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    Sustainable ethnic brand on knitwear 

    A timeless staple of anyone’s winter wardrobe is knitwear, whether styled over a dress, layered under a trench coat or thrown over your WFH attire.

    Its’s officially sweater weather.  there’s a new wave of sustainable knitwear brands out there creating long-lasting pieces that you’ll want to keep in your wardrobe forever, made using natural and recycled yarns that are less harmful to the environment. 

    Below are some of the mentions of the 10 brands with their sustainable products which are claiming no cost to the environment 


    British brand Herd launched last autumn with a mission to make beautiful, sustainable knitwear to revive and re-energize the traditions of sheep farming for wool in England.

    The label uses no toxic chemicals to dye or clean its wool and locally-sourced fleeces, meaning its knits come with a massively reduced carbon footprint too.

    Ally Bee 

    is a luxury British knitwear brand dedicated to making beautiful collections in traceable, eco-certified and animal-friendly natural fiber yarns all in minimal packaging

    Ally Bee takes its eco-credentials seriously, operating a ‘cradle to cradle’ commitment using yarns produced from farms that have high standards of land management and animal welfare. 100% British, from alpaca sourcing (an eco-friendly, natural yarn) to production. They minimalize their impact on the environment with their production methods and use only natural fibers.

    Flock By Nature 

    British and eco-friendly knitwear brand creates each piece with style and wellbeing in mind.

    Each piece is not only relaxed in design but also designed to relax in.

    Think super soft, thoughtfully crafted, sweaters and cardigans made from 100% merino wool. 

    RIA Burns 

    an independent knitwear designer who focuses on using foraged botanicals to hand dye British wool and then works on ’60s and retro designs made on vintage knitting machines in Bristol.

    It might sound pretty niche but this is true Ethical Fashion, made locally and with little impact on the planet.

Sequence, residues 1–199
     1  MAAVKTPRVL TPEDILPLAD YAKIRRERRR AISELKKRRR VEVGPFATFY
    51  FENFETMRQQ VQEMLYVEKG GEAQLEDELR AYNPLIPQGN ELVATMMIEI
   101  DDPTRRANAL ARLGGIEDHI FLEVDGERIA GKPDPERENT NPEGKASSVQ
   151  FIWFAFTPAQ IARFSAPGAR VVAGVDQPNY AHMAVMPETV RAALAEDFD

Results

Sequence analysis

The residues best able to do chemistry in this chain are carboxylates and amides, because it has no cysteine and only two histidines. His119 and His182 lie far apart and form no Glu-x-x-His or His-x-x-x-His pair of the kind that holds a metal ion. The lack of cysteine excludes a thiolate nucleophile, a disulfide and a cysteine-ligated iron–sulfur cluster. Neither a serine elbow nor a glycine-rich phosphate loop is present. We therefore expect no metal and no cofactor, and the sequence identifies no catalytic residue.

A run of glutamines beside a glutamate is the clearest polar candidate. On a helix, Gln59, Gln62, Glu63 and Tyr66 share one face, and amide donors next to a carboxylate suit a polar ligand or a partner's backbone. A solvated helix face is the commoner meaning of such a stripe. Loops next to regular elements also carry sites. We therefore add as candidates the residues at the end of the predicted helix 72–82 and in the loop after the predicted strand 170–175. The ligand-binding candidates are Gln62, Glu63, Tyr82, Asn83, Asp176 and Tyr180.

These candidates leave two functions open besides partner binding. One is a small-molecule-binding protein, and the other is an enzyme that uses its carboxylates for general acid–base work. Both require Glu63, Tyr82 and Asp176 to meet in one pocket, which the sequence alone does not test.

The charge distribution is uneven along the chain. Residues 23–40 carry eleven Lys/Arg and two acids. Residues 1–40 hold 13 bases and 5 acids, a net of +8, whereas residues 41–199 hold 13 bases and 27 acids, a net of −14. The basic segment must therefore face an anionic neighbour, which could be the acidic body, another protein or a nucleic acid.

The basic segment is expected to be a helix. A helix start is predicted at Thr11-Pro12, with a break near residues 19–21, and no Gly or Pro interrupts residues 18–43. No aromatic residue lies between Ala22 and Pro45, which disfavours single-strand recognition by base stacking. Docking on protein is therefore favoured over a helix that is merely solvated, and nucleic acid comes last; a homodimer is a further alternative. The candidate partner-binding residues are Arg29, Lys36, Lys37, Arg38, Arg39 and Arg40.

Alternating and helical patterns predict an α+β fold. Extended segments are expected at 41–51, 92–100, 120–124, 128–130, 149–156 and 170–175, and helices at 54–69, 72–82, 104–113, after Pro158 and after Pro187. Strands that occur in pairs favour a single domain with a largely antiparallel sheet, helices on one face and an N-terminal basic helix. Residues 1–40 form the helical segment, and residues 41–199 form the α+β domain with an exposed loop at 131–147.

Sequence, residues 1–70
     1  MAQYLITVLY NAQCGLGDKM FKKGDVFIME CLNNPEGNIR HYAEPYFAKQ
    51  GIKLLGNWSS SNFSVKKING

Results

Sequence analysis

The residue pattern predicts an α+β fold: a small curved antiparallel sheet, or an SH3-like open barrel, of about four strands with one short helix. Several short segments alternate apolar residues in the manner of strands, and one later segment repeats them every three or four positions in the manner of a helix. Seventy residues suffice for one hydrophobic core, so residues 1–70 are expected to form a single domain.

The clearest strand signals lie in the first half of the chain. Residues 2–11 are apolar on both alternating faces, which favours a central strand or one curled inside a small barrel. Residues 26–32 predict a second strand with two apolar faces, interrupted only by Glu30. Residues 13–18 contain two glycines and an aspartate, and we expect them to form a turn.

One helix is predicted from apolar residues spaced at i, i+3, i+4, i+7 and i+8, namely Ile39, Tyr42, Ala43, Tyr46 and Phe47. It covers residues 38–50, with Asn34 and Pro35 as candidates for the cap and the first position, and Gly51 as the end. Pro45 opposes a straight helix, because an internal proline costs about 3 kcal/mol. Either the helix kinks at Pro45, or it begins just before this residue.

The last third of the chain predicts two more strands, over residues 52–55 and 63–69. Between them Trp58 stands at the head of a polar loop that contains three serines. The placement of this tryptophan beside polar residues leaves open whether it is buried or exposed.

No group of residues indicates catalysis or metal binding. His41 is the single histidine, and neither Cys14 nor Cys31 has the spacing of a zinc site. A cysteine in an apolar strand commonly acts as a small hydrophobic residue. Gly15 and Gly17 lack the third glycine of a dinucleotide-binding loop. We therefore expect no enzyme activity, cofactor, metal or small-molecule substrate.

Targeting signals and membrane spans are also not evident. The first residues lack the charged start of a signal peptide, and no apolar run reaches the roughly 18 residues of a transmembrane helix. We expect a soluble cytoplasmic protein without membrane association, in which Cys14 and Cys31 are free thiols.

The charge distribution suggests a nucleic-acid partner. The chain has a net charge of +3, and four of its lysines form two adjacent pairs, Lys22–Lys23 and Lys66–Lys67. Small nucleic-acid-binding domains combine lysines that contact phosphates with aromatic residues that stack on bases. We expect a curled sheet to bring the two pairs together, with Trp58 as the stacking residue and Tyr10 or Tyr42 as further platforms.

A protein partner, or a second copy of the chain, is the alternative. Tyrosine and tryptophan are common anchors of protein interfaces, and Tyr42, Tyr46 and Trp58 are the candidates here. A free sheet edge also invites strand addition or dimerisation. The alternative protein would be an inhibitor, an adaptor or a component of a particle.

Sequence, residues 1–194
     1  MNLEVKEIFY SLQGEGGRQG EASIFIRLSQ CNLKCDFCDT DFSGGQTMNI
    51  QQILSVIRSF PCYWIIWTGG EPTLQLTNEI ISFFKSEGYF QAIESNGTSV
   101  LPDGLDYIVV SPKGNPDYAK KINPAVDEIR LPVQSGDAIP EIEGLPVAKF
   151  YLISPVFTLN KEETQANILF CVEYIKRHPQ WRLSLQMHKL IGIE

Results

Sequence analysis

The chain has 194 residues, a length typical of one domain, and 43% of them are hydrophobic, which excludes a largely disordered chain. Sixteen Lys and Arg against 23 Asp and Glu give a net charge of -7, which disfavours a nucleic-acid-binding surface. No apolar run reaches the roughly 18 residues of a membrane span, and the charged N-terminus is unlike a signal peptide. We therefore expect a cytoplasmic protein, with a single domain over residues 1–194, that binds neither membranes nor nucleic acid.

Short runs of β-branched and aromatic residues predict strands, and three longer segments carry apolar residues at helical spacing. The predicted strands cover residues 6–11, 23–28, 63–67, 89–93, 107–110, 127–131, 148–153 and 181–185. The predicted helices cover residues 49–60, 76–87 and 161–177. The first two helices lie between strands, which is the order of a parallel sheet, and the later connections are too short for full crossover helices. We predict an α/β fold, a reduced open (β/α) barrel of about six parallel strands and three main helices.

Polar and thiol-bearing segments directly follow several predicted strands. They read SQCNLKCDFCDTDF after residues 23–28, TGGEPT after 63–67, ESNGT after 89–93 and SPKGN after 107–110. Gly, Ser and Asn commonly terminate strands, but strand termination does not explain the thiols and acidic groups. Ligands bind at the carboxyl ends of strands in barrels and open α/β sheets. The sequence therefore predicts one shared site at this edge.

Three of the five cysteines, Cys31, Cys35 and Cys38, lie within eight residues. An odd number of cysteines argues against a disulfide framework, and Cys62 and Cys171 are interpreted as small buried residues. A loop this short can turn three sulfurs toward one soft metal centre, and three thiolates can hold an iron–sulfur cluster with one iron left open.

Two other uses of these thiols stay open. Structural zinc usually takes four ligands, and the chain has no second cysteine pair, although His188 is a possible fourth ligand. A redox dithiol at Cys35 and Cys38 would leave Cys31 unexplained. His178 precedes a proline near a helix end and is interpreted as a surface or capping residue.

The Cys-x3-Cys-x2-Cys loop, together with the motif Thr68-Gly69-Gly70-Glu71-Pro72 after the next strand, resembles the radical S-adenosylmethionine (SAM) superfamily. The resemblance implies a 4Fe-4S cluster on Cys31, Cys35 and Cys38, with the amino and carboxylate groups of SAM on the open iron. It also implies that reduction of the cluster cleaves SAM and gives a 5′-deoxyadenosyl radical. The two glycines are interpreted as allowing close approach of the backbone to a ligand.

22 Factor 

    Combating the price issue,22 Factor are a new ethical knitwear label based in Hong Kong.

    They upcycle and repurpose yarn and fibre that would otherwise be wasted from luxury brands.

    22 Factor turn those into bags, scarves, sweaters and even trousers that aim to bridge the eco-luxe and everyday style space.

    & Daughter 

    Whether you’re in search of a work-appropriate turtleneck or an Aran jumper, British brand & daughter, the brainchild of former publicist Buffy Reid, has got you covered.

    The epitome of slow fashion, its knits are all produced in the UK and Ireland in small batches, using 100 per cent natural and locally-sourced yarns.

    Sheep Inc. 

    For knitwear basics, Sheep Inc is your go-to, with the London-based brand specialising in crewneck jumpers that don’t come at a cost to our planet. 

    In fact, the company says its products are naturally carbon negative (meaning more CO2 is removed from the atmosphere than is released), thanks to wool that’s sourced from regenerative farms in New Zealand.

    Nadaam Cashmere 

    they’re direct to consumer, which means no middlemen and there are no traditional price markups because they work directly with herders.

    They have a sustainable supply chain in place, with a for profit/non profit model  that invests in the long-term health of the goats in Mongolia, and supports herders with higher wages.

    London Cashmere & Co 

    Launched in 2018, London Cashmere Co is a small label pioneering luxury cashmere that makes beautiful jumpers, cardigans and accessories that nod to the seasonal trends, but are essentially contemporary classics

    Everything is ethically and responsibly produced in Mongolia, with a fully traceable and direct supply chain.

    Waste yarn project 

    Launched in October of 2020, Waste Yarn Project was born from Johansen’s fatigue with finding surplus leftover yarn being wasted during factory visits. 

    His brand now uses this once-forgotten fabric to craft one-of-a-kind jumpers, which are all made by hand.


    Abdullah Al Mamun

    Business unit Manager, 

    Marks and spencer.



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